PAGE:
Conference: UFHRD 2015
Earlier this month I had the pleasure to attend and present at the University Forum for Human Resource Development (UFHRD) 2015 conference at University College Cork, Ireland. The conference meets in Europe annually but occurs in the UK every other year. Next year it will be in Manchester, England. The size of the conference was perfect with about 350 attendees from all over Europe and the world. This provided a friendly and close-knit atmosphere. I met three people there from Thailand, two of whom study at the National Institute of Development Administration (NIDA) in Bangkok and one who is studying at the University of Minnesota.
I had the opportunity to present a paper I have been working on with several of my colleagues on motivation to learn in the workplace. In the time following our presentation we had some interesting discussion regarding millennials’ motivation to learn in the workplace. There is a lot of contradicting literature on millennials in the workplace. On the one hand they seem to be self-starters, motivated by passion, and eager to learn. Other literature suggests they are insecure rule-followers at best and motivated by extrinsic rewards. I proposed that this discrepancy in the literature is likely due to the fact that millennials may be on a developmental edge. According to Bob Kegan’s Constructive Developmental Theory, it may be the case that the majority of millennials are caught between the Socialized Mind and the Self-Authoring Mind. If you’re intrigued to learn more, check out this blog post, which has some nice summaries of Kegan’s work.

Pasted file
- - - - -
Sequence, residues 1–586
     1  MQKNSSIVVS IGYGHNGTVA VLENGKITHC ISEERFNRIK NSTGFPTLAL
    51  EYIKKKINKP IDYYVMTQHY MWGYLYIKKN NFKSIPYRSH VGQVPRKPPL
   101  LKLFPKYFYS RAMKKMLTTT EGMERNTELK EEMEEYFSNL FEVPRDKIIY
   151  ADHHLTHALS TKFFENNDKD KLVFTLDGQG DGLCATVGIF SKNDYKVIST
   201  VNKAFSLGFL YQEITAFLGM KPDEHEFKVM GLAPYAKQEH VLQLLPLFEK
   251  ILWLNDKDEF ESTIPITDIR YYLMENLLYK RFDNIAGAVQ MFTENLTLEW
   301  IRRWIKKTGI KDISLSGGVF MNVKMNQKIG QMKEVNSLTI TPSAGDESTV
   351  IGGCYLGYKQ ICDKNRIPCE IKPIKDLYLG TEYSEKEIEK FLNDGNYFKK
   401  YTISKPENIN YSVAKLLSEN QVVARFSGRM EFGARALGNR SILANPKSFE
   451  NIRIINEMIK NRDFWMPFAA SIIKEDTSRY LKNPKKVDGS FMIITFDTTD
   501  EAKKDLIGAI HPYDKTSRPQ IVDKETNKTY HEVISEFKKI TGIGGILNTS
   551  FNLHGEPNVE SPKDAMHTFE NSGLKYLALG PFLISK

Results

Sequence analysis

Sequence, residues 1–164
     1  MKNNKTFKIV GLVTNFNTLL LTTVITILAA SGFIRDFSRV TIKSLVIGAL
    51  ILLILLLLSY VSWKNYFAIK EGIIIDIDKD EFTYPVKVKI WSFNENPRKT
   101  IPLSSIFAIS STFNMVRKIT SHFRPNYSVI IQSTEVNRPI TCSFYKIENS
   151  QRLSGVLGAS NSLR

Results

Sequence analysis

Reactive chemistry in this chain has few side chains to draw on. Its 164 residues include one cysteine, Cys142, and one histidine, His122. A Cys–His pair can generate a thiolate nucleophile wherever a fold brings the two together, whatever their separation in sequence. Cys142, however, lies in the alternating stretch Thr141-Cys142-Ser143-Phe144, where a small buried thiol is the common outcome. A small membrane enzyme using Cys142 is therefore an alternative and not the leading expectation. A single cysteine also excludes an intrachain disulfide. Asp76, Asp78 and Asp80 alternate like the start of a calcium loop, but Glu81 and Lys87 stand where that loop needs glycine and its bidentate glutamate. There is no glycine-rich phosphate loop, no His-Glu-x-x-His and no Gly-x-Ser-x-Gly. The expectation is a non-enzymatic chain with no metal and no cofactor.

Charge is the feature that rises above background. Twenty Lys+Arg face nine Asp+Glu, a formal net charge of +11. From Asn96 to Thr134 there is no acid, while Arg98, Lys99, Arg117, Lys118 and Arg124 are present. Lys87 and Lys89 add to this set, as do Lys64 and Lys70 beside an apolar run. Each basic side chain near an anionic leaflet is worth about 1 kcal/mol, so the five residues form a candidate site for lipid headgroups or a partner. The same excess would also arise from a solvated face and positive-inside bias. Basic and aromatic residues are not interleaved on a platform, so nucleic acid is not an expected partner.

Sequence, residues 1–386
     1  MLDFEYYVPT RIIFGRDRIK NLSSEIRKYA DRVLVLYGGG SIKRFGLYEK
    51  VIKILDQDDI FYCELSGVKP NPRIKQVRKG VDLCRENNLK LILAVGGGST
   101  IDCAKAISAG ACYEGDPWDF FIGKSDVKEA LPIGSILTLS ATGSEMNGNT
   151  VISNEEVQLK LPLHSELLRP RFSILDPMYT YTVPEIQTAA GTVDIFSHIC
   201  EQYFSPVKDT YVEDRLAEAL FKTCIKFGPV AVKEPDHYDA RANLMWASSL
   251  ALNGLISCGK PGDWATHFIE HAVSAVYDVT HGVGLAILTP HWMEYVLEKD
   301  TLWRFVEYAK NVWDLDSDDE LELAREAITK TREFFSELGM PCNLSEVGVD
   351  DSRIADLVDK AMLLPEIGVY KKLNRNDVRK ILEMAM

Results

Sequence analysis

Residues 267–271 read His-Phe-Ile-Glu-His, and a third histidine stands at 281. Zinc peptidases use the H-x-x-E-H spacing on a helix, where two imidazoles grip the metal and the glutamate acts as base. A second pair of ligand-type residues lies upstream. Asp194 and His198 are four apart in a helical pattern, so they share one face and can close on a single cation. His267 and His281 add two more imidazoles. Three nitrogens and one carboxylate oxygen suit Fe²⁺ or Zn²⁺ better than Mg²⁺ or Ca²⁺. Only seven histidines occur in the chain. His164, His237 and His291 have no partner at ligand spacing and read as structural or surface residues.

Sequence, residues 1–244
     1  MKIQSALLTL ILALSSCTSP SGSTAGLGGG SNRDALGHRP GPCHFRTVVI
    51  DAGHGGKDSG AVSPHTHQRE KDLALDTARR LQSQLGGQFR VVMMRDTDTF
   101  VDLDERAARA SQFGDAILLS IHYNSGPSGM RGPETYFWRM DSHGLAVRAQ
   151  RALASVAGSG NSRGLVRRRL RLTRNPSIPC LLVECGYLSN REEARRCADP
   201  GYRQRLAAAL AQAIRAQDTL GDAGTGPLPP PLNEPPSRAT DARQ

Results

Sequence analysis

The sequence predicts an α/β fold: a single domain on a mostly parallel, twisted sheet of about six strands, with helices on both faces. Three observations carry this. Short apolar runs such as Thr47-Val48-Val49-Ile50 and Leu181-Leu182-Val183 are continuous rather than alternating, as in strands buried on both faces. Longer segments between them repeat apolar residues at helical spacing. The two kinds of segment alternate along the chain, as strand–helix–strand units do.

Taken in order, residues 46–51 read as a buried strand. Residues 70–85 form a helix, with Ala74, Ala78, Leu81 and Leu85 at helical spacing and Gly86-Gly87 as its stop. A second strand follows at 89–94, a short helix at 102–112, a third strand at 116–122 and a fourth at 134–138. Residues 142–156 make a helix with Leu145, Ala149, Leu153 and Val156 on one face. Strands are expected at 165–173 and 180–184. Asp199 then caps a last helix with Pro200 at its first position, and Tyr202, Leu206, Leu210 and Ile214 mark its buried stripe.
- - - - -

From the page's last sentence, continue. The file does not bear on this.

Another interesting point from the discussion was the idea to look at the contracts companies typically offer millennials. Do contracts affect millennials motivation to learn? One criticism of millennials in the workplace is their apparent lack of loyalty. I wonder, however, if the lack of loyalty is a two-way street. For example, a small minority of my friends are working in a full-time job with a sustainable salary and benefits. Most of my friends stitch together multiple jobs, work far more than 40 hours a week, and have trouble getting comprehensive benefits. Loyalty must be earned, and I wonder if companies today are doing what it takes to earn the loyalty of millennials. My guess is most companies are not.
Overall, the conference was a fantastic experience. I loved the social aspect of it – meeting people with similar interests from all over the world, having conversations over lunches about interesting sessions we attended, and going out to pubs each night to enjoy Irish culture. I can’t wait for the next UFHRD conference. In the meantime, I am looking forward to the Asian HRD conference in November in Macau!